Sam Buck goes for a trick on a pipe at Pipeline Skatepark in Juneau on Saturday, June 15.
A skateboarder tries to land on a pipe at Pipeline Skatepark in Juneau on Saturday, June 15, ahead of the "We're Back Trilogy" skateboard competition by Boarderline Alaska.
A skateboarder tries a trick on a box at Pipeline Skatepark in Juneau on Saturday, June 15, ahead of the "We're Back Trilogy" skateboard competition by Boarderline Alaska.
Story last updated at 6/19/2013 - 2:06 pm
The sun was bearing down on Juneau this weekend for abnormally high temperatures. The smell of sizzling hot dogs wafted through the air as sounds of high-impact skating clashed into the summer day.
About 20 registered skateboarders and a small crowd gathered at the Pipeline Skatepark to test their skill after a long winter.
Boarderline Alaska offered the first in the "We're Back Trilogy" skateboard competition on June 15.
Derek Liska, with Boarderline, said the competition is to get kids excited about boarding.
An hour before the competition those both competing and who just enjoy skating hit the ramps, testing out tricks and warming up for their 45-seconds of local fame.
Liska said with warmer weather, fewer skaters tend to turn out, but he feels the 20-skater turn out was good, along with a supportive crowd.
"They're doing really good," Liska said after the first of two rounds for the contestants. "Most people have been practicing all winter. They've been staying on their game and doing a lot of cool, new tricks."
Each skater got two rounds of 45 seconds to do whatever tricks they could try and pull off. There also was a "best trick" contest at the end.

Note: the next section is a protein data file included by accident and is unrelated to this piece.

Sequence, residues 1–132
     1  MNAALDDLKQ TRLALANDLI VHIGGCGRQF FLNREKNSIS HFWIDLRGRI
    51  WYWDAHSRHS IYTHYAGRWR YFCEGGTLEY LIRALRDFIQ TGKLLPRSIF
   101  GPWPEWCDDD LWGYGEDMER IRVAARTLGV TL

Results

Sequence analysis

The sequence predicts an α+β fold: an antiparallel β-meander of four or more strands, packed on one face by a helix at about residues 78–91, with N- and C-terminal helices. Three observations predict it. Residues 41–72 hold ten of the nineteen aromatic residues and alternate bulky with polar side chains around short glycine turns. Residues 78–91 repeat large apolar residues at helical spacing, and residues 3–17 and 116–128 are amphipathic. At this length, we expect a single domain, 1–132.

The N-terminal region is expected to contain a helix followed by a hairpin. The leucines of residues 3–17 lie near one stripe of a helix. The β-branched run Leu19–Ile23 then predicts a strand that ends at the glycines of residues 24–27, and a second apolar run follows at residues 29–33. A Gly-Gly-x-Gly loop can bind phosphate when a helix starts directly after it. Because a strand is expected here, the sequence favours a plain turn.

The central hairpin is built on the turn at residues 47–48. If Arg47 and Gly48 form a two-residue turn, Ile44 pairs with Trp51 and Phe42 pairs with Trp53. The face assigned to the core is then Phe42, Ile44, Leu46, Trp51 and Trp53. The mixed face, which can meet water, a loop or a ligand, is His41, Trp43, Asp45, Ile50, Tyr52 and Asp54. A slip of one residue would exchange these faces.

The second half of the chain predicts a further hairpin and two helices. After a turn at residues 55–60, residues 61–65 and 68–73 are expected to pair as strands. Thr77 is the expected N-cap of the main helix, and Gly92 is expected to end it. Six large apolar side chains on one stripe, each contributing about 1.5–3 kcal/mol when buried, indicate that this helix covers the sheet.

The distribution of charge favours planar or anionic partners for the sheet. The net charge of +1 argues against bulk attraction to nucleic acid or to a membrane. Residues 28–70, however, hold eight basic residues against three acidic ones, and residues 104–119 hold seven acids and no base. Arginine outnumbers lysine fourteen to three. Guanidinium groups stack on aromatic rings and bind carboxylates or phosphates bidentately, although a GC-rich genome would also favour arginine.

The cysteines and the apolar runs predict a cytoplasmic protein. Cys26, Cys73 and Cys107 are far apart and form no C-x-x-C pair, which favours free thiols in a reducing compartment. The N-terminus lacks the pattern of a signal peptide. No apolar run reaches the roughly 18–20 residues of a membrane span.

Kaden Harris, 11, was the youngest to compete. He was up against teenagers and 20-30 year olds who'd varied in how long they've been flipping boards and jumping ramps.
Harris has only been at it a year, and got lots of positive encouragement from the older skaters, particularly for his handstands. He credits that trick to his base of gymnastics. During his runs he'd stand up on his hands on top of his board as it rolled along. Boarders thump their skateboards against the ground or wood in appreciation for a trick well done, and that sound echoed the room for Harris.
"My cousin Patrick owns Sequence," Harris said. "He was really good at skateboarding and suggested I try it."
Harris was pretty please with his performance on Saturday.
"I think I did pretty awesome," he said.
Alex Jones has been skateboarding for 13 or 14 years, at the recommendation of a friend (who also participated on Saturday).
"I've been doing alright," he said. "Not bad. I did a lot better than I thought I was going to do."
Jones thanks Sequence for the support the shop has given him over the years, keeping him going. He has a passion for the sport.
"It's just the fun and the passion; hanging out with your friends and the challenges - learning new tricks and pushing past the fear."
Riley Loveid, Jones and Max McVay came out on top at Saturday's competition.
The next two competitions, as part of the trilogy, will be mid-July and mid-August.
Sarah Day is the editor of Capital City Weekly. She can be reached at firstname.lastname@example.org.